We explore the science, technology and art of the still and moving image, and its impact on our lives.
If proof were needed that Scottish photography isn’t exclusively tartan or covered in heather you need go no further than ‘Beyond the Border: New Contemporary Photography from Scotland’ which opened recently at Impressions Gallery, our near neighbours, and showcases the work of the collective known as Document Scotland.
If you’d like to know more about the history and development of Scottish photography feel free to join me for a lunchtime talk at Impressions Gallery on Thursday 17 July.
As a taster for the talk I can tell you that there will be at least one nineteenth century photograph of a kilted man whose sporran goes well beyond what would be considered decent in the present day and age – no presentation on the history of Scottish photography would be complete without one. But I’m happy to say that Scottish photography has never been defined by the presence of tartan, sporrans, heather or highland cattle. Some of these things feature to some degree but they don’t define Scottish photography.
All the images in the talk will be from the National Photography Collection which is held here at the National Media Museum, and will include some of the most striking as well as the most intriguing photographs from the Collection.
Consider The Island Pagoda, by John Thomson (1837-1921). Truly one of the most beautiful photographs in the Collection, Thomson has made the pagoda look as if it is floating on the river.
More than just a well travelled Scot, Thomson was born in Edinburgh and became one of the most significant photographer explorers of the nineteenth century. In late 1870 and early 1871 he made a 160 mile photographic expedition of the river Min in China.
As well as photographing foreign landscapes and architecture, Thomson’s sympathetic portraits were often published alongside text which revealed a genuine interest in places, people and their culture. An outstanding photographic pioneer, his work laid the foundations of what would later come to be called documentary photography.
If Thomson is a Scottish photographer who travelled the world with his camera, there is another Scottish photographer whose work could not be more different. Lady Clementina Hawarden (1822-1865) is renowned for the quietly intense photographic portraits of her family and circle of close friends taken in her palatial London home. The single largest collection of her work is held at the V&A Museum in London and I wonder if for these reasons she is often considered quintessentially English. However, Lady Hawarden was born into landed gentry and grew up on the family estate in Cumbernauld, in central Scotland.
Some of the most intriguing photographs in the Collection to be created by a Scot were not by a photographer, but by the electrical engineer Alan Archibald Campbell-Swinton (1863-1930). Swinton is now considered a genius and used photography to record aspects of his scientific work. In January 1896 he made and published this alluring X-Ray photograph of a human hand only one month after Wilhelm Röntgen (1845-1923) announced his discovery of X-Rays in 1895.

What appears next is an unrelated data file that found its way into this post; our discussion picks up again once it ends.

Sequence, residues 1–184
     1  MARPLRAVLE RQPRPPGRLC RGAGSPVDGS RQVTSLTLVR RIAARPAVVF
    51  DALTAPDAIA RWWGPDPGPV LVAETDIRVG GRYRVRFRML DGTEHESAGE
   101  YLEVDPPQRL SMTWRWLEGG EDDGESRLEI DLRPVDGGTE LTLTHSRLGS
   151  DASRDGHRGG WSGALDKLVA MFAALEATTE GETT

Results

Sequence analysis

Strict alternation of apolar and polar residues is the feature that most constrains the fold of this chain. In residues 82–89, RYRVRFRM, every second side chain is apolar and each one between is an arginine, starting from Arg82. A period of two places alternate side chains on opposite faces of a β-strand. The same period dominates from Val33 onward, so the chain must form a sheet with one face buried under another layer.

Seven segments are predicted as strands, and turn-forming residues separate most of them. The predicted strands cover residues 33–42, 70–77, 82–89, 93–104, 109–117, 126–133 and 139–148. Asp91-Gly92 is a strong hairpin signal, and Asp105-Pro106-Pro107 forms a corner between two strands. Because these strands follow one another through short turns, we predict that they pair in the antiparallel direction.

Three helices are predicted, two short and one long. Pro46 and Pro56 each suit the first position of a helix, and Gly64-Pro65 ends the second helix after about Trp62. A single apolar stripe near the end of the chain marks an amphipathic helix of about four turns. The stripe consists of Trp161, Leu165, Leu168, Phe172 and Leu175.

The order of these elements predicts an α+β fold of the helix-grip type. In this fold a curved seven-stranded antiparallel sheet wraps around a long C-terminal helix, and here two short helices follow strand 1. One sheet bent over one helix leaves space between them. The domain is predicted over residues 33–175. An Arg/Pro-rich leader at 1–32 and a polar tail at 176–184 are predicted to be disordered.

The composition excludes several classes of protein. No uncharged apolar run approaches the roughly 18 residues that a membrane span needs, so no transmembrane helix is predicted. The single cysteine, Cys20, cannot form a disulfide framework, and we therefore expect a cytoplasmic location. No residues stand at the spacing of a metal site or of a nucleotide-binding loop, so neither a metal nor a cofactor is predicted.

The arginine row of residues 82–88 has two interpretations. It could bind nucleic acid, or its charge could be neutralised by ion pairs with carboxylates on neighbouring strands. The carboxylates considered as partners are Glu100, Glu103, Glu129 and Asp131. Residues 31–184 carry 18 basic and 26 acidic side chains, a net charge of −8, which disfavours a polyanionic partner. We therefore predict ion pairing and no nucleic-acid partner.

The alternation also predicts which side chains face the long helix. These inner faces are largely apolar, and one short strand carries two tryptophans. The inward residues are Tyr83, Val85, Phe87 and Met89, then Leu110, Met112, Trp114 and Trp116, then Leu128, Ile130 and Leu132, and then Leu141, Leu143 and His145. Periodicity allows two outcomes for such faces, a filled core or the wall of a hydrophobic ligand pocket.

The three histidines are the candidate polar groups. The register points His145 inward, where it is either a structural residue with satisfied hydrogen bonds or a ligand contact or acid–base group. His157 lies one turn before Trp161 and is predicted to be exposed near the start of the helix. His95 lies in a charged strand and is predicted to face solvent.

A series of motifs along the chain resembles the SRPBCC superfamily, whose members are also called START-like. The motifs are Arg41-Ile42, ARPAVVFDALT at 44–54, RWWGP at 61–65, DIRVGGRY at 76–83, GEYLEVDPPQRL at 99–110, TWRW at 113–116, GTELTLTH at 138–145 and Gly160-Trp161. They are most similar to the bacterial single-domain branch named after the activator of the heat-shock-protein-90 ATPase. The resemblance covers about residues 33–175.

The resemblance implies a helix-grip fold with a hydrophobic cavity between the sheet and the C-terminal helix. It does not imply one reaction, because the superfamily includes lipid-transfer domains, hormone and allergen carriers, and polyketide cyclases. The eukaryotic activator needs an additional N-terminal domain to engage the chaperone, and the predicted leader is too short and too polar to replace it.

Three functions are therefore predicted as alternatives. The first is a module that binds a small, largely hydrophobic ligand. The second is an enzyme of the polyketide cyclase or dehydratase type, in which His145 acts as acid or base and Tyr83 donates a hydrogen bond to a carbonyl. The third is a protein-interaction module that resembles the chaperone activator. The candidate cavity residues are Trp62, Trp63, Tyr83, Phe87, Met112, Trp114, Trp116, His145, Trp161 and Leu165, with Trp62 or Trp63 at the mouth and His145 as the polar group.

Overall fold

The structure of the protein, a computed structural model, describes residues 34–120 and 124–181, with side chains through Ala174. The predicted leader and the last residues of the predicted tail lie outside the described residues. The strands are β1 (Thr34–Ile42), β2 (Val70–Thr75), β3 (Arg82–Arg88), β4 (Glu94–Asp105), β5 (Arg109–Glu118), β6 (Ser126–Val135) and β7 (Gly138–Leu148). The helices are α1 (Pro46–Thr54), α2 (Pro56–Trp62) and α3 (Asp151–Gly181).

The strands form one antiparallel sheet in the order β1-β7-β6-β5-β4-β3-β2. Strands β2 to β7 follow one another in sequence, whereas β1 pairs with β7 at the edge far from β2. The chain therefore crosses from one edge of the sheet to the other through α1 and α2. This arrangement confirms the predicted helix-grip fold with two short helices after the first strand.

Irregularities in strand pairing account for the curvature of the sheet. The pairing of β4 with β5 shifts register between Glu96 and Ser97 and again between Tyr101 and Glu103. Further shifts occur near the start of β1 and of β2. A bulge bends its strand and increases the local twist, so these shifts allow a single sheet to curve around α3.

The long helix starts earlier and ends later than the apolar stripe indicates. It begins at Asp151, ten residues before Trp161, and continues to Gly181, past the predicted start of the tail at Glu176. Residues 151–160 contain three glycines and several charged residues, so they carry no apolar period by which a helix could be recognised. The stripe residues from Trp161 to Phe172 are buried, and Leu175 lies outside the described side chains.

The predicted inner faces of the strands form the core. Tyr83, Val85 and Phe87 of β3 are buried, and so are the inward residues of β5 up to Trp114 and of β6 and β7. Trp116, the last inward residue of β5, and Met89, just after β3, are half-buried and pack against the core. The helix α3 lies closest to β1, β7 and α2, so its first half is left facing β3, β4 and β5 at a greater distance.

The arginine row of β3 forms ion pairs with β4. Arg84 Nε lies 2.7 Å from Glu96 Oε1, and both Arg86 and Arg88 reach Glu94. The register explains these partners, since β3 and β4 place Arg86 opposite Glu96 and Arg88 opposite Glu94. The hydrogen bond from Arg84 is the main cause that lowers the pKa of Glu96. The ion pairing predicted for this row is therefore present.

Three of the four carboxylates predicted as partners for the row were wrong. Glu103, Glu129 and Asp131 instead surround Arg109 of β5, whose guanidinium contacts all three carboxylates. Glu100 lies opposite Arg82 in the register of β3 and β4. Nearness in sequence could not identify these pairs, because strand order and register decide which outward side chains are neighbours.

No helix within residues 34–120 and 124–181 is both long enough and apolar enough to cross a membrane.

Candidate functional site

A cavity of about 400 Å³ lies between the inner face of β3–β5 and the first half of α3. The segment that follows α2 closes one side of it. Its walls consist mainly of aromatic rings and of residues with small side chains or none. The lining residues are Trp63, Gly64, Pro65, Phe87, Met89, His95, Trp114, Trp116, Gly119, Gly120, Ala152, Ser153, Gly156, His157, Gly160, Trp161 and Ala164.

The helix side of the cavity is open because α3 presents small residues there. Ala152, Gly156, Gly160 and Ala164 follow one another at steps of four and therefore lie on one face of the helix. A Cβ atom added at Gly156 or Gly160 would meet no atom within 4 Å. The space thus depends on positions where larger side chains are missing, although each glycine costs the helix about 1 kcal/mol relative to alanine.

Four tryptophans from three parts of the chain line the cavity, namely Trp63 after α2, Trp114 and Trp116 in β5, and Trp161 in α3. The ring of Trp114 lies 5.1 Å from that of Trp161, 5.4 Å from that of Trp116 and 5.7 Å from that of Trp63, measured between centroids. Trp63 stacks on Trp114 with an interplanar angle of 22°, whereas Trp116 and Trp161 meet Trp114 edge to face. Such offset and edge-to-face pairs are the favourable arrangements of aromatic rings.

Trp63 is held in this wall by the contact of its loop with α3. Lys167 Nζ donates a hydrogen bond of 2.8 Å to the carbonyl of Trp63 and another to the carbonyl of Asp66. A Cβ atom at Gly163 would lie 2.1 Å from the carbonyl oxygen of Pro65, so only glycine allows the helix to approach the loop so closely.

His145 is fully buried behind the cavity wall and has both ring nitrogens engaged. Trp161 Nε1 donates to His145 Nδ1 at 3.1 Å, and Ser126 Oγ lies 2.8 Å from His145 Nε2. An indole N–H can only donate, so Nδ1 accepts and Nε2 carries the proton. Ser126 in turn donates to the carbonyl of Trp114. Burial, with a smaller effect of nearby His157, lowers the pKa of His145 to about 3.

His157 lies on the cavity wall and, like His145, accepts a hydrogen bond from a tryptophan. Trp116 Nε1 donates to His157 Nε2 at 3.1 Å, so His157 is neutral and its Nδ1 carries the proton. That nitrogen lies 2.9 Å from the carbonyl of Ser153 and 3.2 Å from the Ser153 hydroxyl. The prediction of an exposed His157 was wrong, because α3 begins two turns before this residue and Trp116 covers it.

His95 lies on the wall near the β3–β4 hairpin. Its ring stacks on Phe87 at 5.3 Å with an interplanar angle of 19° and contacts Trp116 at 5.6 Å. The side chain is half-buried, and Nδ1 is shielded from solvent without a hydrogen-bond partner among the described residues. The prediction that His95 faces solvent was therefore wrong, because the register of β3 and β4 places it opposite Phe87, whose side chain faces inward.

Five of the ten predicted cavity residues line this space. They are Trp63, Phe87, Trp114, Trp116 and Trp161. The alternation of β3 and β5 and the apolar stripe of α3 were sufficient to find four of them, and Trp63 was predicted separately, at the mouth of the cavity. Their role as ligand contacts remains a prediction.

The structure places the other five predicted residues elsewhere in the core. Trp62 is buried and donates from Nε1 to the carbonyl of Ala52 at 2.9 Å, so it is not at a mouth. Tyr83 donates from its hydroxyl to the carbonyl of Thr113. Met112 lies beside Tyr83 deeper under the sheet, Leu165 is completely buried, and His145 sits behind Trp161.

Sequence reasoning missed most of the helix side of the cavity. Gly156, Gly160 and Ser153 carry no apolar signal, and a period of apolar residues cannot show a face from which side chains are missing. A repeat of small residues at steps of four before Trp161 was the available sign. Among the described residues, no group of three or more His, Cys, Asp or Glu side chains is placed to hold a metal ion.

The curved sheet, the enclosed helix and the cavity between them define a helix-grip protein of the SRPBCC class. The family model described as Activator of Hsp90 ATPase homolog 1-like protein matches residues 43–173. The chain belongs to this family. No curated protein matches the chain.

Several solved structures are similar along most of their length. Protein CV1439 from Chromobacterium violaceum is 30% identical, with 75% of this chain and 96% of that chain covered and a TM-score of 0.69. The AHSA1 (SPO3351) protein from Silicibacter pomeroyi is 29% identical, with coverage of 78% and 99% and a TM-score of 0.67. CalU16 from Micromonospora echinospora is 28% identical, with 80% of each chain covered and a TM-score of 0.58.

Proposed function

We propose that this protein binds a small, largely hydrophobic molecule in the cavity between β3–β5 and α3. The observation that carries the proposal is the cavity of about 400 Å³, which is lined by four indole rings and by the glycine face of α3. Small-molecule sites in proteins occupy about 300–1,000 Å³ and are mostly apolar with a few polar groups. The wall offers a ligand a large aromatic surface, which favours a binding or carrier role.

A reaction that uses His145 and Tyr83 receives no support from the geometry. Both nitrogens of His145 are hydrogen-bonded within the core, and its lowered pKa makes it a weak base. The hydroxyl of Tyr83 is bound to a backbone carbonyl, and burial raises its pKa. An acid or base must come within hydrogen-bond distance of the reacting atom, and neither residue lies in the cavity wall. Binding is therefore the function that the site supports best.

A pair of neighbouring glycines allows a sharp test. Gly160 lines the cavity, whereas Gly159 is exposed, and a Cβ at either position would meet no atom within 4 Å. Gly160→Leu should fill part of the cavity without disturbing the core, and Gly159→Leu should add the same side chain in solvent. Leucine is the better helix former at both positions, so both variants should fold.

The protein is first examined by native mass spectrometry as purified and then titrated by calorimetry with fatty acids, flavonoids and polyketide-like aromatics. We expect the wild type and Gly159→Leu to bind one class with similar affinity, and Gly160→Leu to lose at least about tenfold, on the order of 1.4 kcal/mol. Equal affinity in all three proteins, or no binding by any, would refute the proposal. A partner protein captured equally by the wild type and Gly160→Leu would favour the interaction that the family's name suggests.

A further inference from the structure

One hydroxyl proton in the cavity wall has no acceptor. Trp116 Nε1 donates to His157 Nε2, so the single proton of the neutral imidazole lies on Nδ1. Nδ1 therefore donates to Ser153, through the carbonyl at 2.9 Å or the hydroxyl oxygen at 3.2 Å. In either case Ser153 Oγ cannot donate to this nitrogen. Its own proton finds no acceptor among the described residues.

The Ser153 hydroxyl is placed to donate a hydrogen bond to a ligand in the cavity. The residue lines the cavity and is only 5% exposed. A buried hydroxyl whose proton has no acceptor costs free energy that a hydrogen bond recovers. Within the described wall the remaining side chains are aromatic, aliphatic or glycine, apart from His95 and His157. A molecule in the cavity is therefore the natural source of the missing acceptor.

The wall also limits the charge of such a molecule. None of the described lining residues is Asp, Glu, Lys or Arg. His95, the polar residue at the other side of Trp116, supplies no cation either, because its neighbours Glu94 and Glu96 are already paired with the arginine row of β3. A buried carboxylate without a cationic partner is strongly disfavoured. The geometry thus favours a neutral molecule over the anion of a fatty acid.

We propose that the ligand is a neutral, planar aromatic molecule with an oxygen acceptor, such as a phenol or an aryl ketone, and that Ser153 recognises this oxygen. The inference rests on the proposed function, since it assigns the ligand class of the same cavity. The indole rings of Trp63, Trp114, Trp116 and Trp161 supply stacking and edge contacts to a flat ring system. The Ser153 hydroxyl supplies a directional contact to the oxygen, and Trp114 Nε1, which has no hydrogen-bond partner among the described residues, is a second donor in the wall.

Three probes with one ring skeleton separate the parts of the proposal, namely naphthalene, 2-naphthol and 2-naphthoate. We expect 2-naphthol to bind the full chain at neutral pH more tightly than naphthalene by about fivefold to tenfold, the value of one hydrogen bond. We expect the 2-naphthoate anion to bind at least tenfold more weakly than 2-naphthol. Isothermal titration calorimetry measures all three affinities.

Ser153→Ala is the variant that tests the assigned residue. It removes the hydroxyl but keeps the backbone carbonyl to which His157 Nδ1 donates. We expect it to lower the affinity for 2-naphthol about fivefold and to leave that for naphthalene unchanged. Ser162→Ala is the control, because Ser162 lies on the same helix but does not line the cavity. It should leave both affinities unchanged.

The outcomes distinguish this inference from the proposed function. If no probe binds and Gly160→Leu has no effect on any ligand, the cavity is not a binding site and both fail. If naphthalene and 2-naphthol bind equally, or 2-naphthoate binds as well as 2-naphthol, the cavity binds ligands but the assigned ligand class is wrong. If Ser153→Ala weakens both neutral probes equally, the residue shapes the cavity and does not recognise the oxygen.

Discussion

Four years earlier Campbell-Swinton used photography to record the strange and delicate patterns created by electricity when it comes into direct contact with photographic paper.
I’ve already admitted that until recently I was guilty of taking the notion of Scottish photography for granted. As proof of this I offer you the work of Charles Piazzi Smyth (1819-1900) whom I had always assumed was Scottish because he had held the grand title of Astronomer Royal for Scotland. It was only when a colleague raised her eyebrow when I told her Smyth was to be included in my presentation that I thought I might be wrong. “You’re claiming him as Scottish, are you?” was her retort. We checked, and she was right. He wasn’t Scottish by birth. In my defence she hadn’t realised Smyth had held the title of Astronomer Royal for Scotland between 1846 and 1888. He was also made an ‘Honorary Member of the Institution of Engineers and Shipbuilders in Scotland’ in 1859. How Scottish can you get? In truth he was born in Naples to English parents, and is even buried in Ripon, in Yorkshire, fittingly, under a pyramid. But despite this he has strong associations with Scotland and for that reason I beg your indulgence and include him in the frame.
One thing is certain about Piazzi Smyth – he was unique and had many strange ideas which he relied upon photography to illustrate. For example, he believed that the British Imperial Inch was a divine measurement derived from the Egyptian Pyramid Inch, which had been handed directly to the Egyptians by God. To prove his theory he set about measuring the Great Pyramid and recorded his efforts in photographs. The scale of the task can be discerned if you peer at the small human figure holding a ruler against a portion of the Great Pyramid in the bottom right corner of the photograph below.
So, there you have it – just a few atypical Scottish photographs from the National Photography Collection. Not a sporran or a stitch of tartan in sight. If you’d like to see more classic examples of Scottish photography join me at Impressions Gallery, at 12.30 on 17 July.
See you there!